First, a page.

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The Atlanta Opera’s modern production of “Don Pasquale” runs March 25, 28 & 31, and April 2 at the Cobb Energy Performing Arts Centre. Details, tickets HERE.


“He must surely be demented who would marry when hes old. Soon his folly is repented and his passion soon goes cold.”



 PEOPLE LOVE IT when a cad gets his comeuppance. They want details. They want to know who, where and how it happened. Whether it’s a neighbor or a national politician, nothing commands the stunned silence of a population quite like a man caught misbehaving. Gaetano Donizetti’s Don Pasquale is just such a story, minus the humiliated wife.

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This telling of the comic opera, from New York director Chuck Hudson, is set in 1950s Hollywood, where Don Pasquale (left) is an aging silent film star. Photos by Cincinnati Opera

In truth, Don Pasquale is about us. At about two hours long, this tight little package teems with familiar foibles: the misbehaving man, meanness, obstinacy, people who share a joke at another’s expense, family squabbles, and the urge to meddle in someone else’s love life.

A picture of domestic discord, the scene opens with the Don, a lifelong bachelor who has raised his nephew, Ernesto. Now that the youth is of age, the Don names for him a wife: She’s “rich and beautiful.” The hapless Ernesto despairs: “My faith is pledged eternally” to the youthful widow Norina. Unyielding, Don Pasquale forces Ernesto to choose between his inheritance and his vow of love. Ernesto also proves unyielding and is thrown out of the house. The 70-year-old Don then decides to find a young wife for himself and father a new heir.

What’s more commonplace than this kind of tug-of-war? We all know people who hate their child’s significant other or a grown child who laments, “He gets these crazy ideas in his head!”

Typical of 19th-century noblemen (or a Hollywood rich kid, as is the case in this production), Ernesto has no idea how to support himself, let alone a wife, and feels obliged to break up with Norina. As he croons about his reversal of fortune, Donizetti brews a conspiracy between Doctor Malatesta and Norina. Posing as the Doctor’s sister Sofronia, she signs a fake marriage contract with the Don and springs the trap.

Chorus members are costumed as some of Hollywood’s elite — Carmen Miranda, Eartha Kitt, Lucille Ball, Groucho Marx, Jackie Gleason and more.

Remember, this is the story of a bumbling, insensitive old crank who takes a fresh-faced bride. We’re supposed to feel sorry for the girl, except that “Sofronia” brings such chaos to the Don’s staid existence that he’s almost sympathetic. Thus is the genius of Don Pasquale. Donizetti plays both sides and breathes complexity into traditional character types. Kicking the comedy into overdrive in nearly every scene, someone is always arguing, conspiring or lobbing insults.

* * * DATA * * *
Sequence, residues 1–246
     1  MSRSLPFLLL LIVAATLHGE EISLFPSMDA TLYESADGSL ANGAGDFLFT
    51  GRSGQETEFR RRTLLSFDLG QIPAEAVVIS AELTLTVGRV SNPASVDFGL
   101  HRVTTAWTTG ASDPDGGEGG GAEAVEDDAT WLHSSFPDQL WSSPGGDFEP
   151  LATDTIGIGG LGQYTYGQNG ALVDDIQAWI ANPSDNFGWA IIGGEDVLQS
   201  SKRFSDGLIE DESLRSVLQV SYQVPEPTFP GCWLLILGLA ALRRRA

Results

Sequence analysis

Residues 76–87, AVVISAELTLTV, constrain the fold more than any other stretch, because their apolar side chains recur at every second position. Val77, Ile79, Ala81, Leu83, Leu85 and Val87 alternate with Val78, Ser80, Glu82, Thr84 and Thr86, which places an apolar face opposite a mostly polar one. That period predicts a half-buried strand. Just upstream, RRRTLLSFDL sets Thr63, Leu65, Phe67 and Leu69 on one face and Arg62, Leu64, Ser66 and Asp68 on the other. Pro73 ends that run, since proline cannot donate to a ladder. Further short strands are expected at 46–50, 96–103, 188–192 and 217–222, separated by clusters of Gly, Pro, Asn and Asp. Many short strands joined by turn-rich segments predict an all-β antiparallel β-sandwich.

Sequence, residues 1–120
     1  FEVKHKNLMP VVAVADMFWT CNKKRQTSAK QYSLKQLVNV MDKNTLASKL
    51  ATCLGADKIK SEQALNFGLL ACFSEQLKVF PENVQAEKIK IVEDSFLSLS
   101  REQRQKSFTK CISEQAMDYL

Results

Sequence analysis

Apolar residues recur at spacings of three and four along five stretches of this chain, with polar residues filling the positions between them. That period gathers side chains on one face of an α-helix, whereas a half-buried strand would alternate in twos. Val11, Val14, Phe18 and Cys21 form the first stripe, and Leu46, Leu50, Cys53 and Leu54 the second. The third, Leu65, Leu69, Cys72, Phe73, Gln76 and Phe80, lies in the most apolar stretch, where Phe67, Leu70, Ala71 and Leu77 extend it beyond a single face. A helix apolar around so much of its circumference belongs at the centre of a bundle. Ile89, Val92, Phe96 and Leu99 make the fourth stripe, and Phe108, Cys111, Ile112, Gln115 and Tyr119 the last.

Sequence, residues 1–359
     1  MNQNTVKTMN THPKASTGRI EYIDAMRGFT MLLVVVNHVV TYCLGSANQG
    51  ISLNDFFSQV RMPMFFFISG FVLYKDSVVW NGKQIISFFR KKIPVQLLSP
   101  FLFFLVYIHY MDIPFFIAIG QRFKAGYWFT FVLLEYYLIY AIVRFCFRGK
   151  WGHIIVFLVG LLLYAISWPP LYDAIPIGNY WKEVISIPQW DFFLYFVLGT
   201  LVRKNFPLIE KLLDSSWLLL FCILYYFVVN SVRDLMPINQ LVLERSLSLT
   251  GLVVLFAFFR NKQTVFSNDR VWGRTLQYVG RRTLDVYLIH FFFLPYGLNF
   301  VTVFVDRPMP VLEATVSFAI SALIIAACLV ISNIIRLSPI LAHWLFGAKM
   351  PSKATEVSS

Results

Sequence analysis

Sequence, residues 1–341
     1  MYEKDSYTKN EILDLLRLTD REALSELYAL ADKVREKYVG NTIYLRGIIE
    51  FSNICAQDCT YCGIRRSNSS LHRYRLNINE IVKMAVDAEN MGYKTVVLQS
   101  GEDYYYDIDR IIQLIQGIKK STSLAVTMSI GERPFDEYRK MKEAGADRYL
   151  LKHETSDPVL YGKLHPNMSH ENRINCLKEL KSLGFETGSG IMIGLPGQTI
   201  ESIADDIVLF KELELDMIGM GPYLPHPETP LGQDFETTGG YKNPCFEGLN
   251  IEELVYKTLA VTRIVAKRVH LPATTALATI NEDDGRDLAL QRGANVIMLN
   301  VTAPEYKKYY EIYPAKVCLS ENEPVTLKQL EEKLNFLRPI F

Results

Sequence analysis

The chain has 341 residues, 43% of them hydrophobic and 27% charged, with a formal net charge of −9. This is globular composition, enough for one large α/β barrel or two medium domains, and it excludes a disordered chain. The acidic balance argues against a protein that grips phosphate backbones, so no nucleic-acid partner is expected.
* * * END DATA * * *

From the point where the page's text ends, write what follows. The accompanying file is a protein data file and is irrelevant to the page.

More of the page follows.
“He must surely be demented who would marry when he’s old. Soon his folly is repented and his passion soon goes cold.”

If the room-shuddering subwoofers of Michael Giacchino (Rogue One: A Star Wars Story, Tomorrowland) are more familiar than Donizetti, it may take you a minute to find comfort in this sound world. Characters may argue, but they are melodious. When Ernesto sings his heartbreaking aria “Sweet holy dreams … adieu,” the old Don provides a sneering counterpoint: You’re “an obstinate blockhead.”

Like a hero sandwich, Donizetti lets the emotional polarities pile up.

pasq_239The four principal roles are fiendishly difficult. Comedic timing is essential and the ability to navigate Donizetti’s vocal acrobatics is paramount. When the Don gets especially agitated, for instance, the composer uses a technique called “parlando,” or “patter singing.” It requires the singer to fire off mouthfuls of words at lightning speed. It sounds slightly ridiculous, and plays into the ire and eccentricity of the old curmudgeon. In Act 3, the swaggering Malatesta joins the Don in a showstopping patter duet.

Don Pasquale’s libretto was repurposed from an earlier opera called Ser Marc’Antonio by Stefano Pavesi (not uncommon then). Donizetti engaged the poet Giovanni Ruffini to rework the original libretto. After presenting a draft of the new book, Ruffini quarreled so much with Donizetti that his name was removed from the project. Ultimately, Donizetti brought his unrivaled experience to the show. Don Pasquale was his 64th opera; Donizetti was 45.

The bel canto comedy debuted in January 1843 in Paris, immediately went international and has been popular ever since.

Donizetti wrote the piece at the height of his creativity. A Google search, interestingly, yields more than a million results for “masterpiece Pasquale.” The composer wrote only four more operas and was dead within five years.

An 1837 cholera epidemic claimed his beloved wife, Virginia. By the time Don Pasquale premiered, Donizetti showed symptoms of syphilis. A nephew placed him in a sanatorium near Paris three years later. Some 18 months after that — despite much resistance from local authorities — family and friends moved Donizetti home to Bergamo, Italy. He died there in their care at age 50.

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